Advantageously, mounting of the guide rails in the lower region of the elevator shaft is begun. After installation of the first guide rails a mounting platform (for example, the elevator car or a part of the same) can be introduced into the elevator shaft and displaced upwardly so that further guide rails of the composite can be mounted. This has the advantage that a mounting platform serving for installation of the guide rails can be moved from below in an upward direction along the already mounted guide rails. In that case the guide rails hanging in a vertical position one after the other individually at the support means are fastened in succession. Due to the fact that the guide rails following the mounting step already hang at their approximate position an efficient operation is made possible. The mounting platform is preferably equipped with necessary safety devices which, for example, limit the travel speed of the mounting platform, prevent crashing down of the same or in the case of need can also be used for arresting the mounting platform.
Advantageously at least a part of the guide rails to be used—for example all guide rails of a mounting section—are suspended with the help of the support means in the elevator shaft before mounting of the guide rails at the shaft wall is commenced. This has the advantage that individual guide rail elements do not have to be picked up each time at a storage location, for example at the ground floor. A mounting section can contain all guide rails of a line or it can contain a part of the guide rails of a line. In addition, it is possible to mount more than one mounting section of the elevator car or more than one mounting section of the counterweight at the shaft wall in one working step.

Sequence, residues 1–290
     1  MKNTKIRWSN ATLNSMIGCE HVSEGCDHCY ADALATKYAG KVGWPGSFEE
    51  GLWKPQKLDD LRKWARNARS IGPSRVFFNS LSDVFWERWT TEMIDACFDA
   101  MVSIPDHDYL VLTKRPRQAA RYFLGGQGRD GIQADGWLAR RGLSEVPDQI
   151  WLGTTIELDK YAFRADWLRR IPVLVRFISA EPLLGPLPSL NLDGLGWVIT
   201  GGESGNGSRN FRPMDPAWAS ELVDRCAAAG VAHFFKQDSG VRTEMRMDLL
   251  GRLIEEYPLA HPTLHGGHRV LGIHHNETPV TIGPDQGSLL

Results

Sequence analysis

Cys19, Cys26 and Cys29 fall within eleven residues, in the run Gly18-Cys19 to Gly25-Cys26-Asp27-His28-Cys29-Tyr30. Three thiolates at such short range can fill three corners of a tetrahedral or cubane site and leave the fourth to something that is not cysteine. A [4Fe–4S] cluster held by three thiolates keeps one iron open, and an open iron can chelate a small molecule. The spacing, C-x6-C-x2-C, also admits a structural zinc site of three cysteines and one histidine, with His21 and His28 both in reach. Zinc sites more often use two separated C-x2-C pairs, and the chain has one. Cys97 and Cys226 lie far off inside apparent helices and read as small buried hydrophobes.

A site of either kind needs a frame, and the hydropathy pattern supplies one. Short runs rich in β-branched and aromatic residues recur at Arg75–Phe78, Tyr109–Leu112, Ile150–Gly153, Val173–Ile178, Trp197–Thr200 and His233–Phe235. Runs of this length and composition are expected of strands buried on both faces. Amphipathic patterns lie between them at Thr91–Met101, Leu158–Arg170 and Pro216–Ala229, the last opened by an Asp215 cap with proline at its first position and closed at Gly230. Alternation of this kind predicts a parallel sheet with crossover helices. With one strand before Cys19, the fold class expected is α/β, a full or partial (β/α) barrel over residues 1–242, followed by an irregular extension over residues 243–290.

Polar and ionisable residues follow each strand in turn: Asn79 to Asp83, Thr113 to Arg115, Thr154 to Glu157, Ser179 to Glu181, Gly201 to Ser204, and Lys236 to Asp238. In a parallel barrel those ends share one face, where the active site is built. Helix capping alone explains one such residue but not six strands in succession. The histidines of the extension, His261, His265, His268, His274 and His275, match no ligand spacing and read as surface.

Advantageously the coupling elements and the support means are removed after mounting of the guide rails on the shaft wall. This has the advantage that the coupling elements and the support means can be used several times.
Advantageously the device for installation of the guide rails in the elevator shaft comprises means enabling installation of guide rails for the elevator car and/or guide rails for the counterweight. This has the advantage that not only the guide rails for the elevator car, but also the guide rails for the counterweight can be efficiently mounted in the elevator shaft. Working steps which are similar in each instance can then be routinely executed with identical tools.
An embodiment of the support means according to the present invention in which the coupling elements are already premounted on the guide means at a suitable spacing is particularly preferred. This has the advantage that the guide rails only still have to be connected with the support means by means of the coupling elements, which takes place quickly and is simple.
Advantageously the support means is a cable or a chain, the length of which amounts to a multiple of a guide rail. This has the advantage that several guide rails can be drawn into the elevator shaft in one working step at the non-rigid support means. Due to the fact that the length of the support means is a multiple of the guide rails several guide rails can be drawn into the elevator shaft as a unit and in succession in one working step.
DESCRIPTION OF THE DRAWINGS
The above, as well as other, advantages of the present invention will become readily apparent to those skilled in the art from the following detailed description of a preferred embodiment when considered in the light of the accompanying drawings in which:
FIG. 1 is a schematic elevation view of a first embodiment of an elevator shaft with guide rails being installed according to the present invention;